But Wait, There's More
Micro Focus Supports 64-Bit Linux-Itanium Combo for COBOL
Application development tool provider Micro Focus announced last week that it is supporting a 64-bit version of its COBOL tools on platforms using Intel's Itanium processors.
Micro Focus made the announcement at Intel Developer Forum in San Francisco. The company's Server Express COBOL development and deployment environment for various 64-bit Unix platforms and 32-bit Linux platforms has now been ported to run on Itanium servers with Linux. The company has already announced Server Express support for HP-UX running on Itanium; neither AIX nor Solaris are available on Itanium, so Micro Focus cannot offer support for these platforms on Intel's Itanium processors. The company is working on extending Server Express to the 64-bit Pentium, Xeon, and Opteron variants of the X86 architecture.
Avnet to Sell and Support Novell's Linux and Related Products
IT distributor Avnet is one of the key players in the IT market, and it has just expanded its distribution agreement with commercial Linux distro Novell.
Specifically, the Avnet Partner Solutions unit of the company, which is based in San Antonio and which pushes IBM server, storage, and software products, has inked a deal with Novell to offer Novell's complete Linux server stack on IBM's eServer family of servers. The deal includes SUSE Linux Enterprise Server 9 as well as the forthcoming Open Enterprise Server, which offers both Linux and NetWare functionality in a single platform. By partnering with Novell, Avnet's downstream partners will now have access to Novell's PartnerNet programs for a full year at no cost, which includes presales and technical resources to help partners figure out Linux and the solutions they can sell based on it. Avnet is also offering its own training and demand-generation campaigns, and is, like many players in the market, interested in pushing Linux on IBM's eServers as an alternative to Unix on RISC iron from Hewlett-Packard and Sun Microsystems.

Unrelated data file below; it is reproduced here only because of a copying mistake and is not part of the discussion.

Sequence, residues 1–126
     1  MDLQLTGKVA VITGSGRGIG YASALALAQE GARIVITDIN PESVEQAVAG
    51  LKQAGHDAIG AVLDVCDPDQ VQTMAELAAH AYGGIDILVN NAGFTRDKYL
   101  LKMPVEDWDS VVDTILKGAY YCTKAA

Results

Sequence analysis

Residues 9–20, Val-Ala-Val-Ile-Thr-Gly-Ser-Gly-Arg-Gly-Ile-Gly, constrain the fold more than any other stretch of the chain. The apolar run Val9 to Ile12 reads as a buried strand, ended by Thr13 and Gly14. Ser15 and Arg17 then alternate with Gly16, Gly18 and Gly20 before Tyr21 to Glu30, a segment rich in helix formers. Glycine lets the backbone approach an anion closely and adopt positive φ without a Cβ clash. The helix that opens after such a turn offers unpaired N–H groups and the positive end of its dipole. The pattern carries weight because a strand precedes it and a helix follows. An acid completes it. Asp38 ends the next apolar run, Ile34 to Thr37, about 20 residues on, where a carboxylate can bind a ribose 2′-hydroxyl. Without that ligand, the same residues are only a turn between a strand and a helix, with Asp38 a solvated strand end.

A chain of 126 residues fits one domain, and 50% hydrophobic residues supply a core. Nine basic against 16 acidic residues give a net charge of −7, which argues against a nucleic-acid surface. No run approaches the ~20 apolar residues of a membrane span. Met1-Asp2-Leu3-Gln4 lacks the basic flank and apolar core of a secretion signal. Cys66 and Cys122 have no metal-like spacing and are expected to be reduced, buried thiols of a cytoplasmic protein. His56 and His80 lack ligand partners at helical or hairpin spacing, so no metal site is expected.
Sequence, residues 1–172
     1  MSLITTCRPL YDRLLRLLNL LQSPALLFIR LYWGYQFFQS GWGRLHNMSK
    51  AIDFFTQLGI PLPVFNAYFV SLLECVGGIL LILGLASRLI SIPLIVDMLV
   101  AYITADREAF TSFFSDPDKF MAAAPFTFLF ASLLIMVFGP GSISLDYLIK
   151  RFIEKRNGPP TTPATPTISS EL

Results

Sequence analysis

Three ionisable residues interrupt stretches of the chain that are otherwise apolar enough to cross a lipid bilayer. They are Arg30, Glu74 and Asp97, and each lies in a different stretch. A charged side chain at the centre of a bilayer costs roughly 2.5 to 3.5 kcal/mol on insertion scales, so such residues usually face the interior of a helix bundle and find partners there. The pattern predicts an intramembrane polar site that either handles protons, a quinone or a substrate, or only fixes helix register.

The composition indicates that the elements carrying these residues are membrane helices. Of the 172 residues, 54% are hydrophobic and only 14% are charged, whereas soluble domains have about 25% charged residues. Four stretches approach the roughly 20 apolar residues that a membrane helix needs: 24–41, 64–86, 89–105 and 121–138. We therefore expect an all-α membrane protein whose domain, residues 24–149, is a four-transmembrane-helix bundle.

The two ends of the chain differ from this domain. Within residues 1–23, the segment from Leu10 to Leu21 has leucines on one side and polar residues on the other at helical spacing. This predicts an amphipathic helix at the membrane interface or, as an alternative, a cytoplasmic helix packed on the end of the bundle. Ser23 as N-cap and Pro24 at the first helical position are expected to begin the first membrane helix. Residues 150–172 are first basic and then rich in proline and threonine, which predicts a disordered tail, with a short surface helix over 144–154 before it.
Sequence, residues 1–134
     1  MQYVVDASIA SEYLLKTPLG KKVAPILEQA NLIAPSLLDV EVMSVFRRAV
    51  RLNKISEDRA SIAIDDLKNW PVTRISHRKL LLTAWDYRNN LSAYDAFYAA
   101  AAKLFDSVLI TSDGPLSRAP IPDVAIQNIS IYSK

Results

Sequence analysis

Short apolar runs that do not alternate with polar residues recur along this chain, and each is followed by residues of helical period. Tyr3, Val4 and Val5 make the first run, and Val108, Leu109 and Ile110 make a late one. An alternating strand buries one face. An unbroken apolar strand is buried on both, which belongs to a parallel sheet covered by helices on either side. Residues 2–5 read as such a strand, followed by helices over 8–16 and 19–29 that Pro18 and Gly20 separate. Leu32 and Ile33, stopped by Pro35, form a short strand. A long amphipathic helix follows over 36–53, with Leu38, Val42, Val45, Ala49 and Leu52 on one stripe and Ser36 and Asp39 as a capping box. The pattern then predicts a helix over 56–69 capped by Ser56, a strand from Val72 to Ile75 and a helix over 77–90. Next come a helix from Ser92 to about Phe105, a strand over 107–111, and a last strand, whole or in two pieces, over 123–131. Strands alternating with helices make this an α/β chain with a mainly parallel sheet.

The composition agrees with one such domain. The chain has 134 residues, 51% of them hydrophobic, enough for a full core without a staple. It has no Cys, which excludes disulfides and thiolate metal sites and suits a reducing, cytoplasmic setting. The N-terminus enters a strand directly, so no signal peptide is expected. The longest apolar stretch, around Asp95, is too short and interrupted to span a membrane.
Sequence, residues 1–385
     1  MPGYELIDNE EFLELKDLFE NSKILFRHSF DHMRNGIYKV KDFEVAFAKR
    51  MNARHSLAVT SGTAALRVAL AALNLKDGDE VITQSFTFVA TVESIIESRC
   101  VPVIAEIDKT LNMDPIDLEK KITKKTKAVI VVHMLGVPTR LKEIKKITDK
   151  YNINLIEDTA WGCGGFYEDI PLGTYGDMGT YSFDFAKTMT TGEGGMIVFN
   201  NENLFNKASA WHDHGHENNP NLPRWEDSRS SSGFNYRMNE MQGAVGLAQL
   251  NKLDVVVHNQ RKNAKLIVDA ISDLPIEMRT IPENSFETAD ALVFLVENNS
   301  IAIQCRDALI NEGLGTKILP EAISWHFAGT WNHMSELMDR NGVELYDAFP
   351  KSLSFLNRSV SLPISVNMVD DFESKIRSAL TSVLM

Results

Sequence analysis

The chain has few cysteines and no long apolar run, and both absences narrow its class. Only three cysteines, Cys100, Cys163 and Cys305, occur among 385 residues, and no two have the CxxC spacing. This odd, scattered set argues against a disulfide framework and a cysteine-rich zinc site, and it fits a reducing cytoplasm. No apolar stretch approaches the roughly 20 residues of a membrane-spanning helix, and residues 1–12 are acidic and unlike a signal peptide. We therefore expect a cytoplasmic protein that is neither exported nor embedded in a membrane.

Akibia Expands from Unix to Linux Support Services
Akibia, a Westborough, Massachusetts, company that has been providing technical and migration support services for Unix environments for 17 years, has broadened its product line to include similar services for the Linux platform.
Considering the substantial synergies between Unix and Linux, this move by Akibia makes perfect sense. The company believes that its expertise in Unix and now Linux as well as the fact that it can provide a single point of contact for customers who want tech support or migration services will help it win customers in a Linux market where everybody is trying to get a piece of this action. (In the Linux market, tech support and migration services are essentially the only pieces of the action, in fact, because Linux software is free and the X86 iron it typically runs on has only modest margins.)
Linux Assist is the name of Akibia's 24/7, Level 1 through Level 3 tech support offering, which covers current and past versions of Red Hat and Novell Linuxes. The company is also offering Unix-to-Linux assessment and migration services, and because of its neutral position on Unix and Linux, believes it can get an edge over other services companies (like the service units of IBM, Sun Microsystems, and Hewlett-Packard, who are all obviously biased toward their own Unix and Linux offerings and against those of their competitors. The company is also providing training for shops that move from Unix to Linux, so programmers, administrators, and other IT professionals can get certified on Linux. Akibia's training is focused on four areas: Unix-to-Linux migration, Linux system administration, Linux performance, and high availability clustering.
IBM Contributes 30 Projects to SourceForge
For all of its desire to be the patent-holding king of the world, Big Blue is well aware that to be perceived as part of the open source community, it has to give away some intellectual property every now and then. That is why IBM has released more than 30 software projects on SourceForge. IBM says it has contributed some 120 different collaborative projects to the open source community; the company has obviously participated formally (or its employees have done so informally) on many more projects. Two of the projects that were singled out for specific mention on SourceForge were the Jikes Java compiler and the Life Science Identifier, which scans networks at healthcare companies for biologically significant data. (This sounds like a bad idea on first reading, considering the sensitivity with which medical records are supposed to be treated.)